Powerful divergences still intact on the S&P 500, Nasdaq 100, etc… With a decent chance of a rate hike on Sept 21st, the market is likely to do one (or both) of two things:
1) throw a hissy fit before the meeting to try & scare the Fed away from raising rates, at it has done on all previous occasions when a decent chance for a rate hike was on the table or..
2) market participants remain complacent, with prices holding up near all-time highs, only to sell off sharply after a rate hike, should we get one at the conclusion of the Sept 20-21st FOMC meeting.
Should the FOMC decide to raise rates on Sept 21st, which the Fed Fund Futures are currently pricing in with a 73% probability, chances are good that the yield on 5-year treasuries will move sharply higher, which in turn, should cause a rally in the US Dollar.
Should the Fed raise rates later this month, the effects wouldn’t be limited to just stocks & bonds but would likely have a direct impact on global currencies, with the dollar rallying against the Euro & the Yen, with the technicals on both of those two largest components of the US Dollar Index already reflecting the likelihood of a likely rally in the US Dollar, especially against the Japanese Yen. Should these scenarios play out, a rising dollar is also likely to have at least near-term bearish implications for gold & the gold mining sector as discussed in this recent post.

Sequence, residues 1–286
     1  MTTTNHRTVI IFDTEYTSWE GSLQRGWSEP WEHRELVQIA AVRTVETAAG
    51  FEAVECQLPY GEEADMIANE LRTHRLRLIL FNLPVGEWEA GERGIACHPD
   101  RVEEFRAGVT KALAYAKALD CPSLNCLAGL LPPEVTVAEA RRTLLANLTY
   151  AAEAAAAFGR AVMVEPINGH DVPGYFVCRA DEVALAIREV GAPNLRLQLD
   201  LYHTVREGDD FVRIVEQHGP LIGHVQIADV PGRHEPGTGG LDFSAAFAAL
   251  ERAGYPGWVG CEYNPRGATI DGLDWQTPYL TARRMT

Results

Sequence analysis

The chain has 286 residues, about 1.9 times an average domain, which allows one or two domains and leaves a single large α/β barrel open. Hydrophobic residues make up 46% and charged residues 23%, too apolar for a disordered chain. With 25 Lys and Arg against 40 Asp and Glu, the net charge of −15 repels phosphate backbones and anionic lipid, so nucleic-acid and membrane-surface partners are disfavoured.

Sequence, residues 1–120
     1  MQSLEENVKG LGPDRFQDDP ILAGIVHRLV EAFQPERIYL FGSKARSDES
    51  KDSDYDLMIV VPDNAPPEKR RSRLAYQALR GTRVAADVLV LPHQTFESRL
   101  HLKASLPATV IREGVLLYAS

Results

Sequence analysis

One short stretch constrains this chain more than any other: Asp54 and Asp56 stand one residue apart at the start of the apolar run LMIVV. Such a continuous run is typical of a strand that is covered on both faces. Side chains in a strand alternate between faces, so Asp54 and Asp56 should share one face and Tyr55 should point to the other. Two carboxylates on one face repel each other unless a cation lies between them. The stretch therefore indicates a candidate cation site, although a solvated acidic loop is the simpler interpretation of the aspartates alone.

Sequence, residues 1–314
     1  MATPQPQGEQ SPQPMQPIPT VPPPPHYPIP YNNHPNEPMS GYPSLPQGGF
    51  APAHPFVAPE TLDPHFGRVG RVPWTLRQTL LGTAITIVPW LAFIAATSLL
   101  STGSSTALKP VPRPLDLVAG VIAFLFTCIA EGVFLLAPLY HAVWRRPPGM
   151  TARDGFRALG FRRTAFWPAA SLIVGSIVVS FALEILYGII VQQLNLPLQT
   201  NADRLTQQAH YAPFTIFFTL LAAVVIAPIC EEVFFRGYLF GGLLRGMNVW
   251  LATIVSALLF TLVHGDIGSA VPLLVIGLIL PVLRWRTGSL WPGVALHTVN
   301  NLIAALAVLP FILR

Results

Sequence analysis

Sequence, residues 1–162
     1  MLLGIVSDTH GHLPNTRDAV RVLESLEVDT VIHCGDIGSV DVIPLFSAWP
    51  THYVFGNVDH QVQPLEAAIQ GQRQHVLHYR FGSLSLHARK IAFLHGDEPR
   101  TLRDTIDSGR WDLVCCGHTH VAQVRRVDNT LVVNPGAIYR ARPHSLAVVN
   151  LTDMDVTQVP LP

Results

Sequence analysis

Bottom line is that we’ve seen a lot of chatter about the likelihood of a Fed rate hike in recent years, yet each time it appeared like a hike might really be on the table, the stock market threw a hissy fit like a bunch of spoiled children that didn’t want to stop drinking from the delicious punch bowl, with good ol’ mama Yellen giving in to their tantrums & giving the spoiled brats more of the sweet, sugary drink that they just can’t get enough of.
Maybe we get a rate hike on Sept 21st, maybe not. However, it appears to me that the R/R over the next two weeks is clearly skewed to the downside as either the market repeats its usual pattern of selling off in front of any FOMC meeting where there is any decent chance of a rate hike or the market remains complacent, as it has recently, and traders & investors run the risk of holding stocks at nose-bleed valuation levels at what could prove to be the beginning of the first rate hike cycle in years.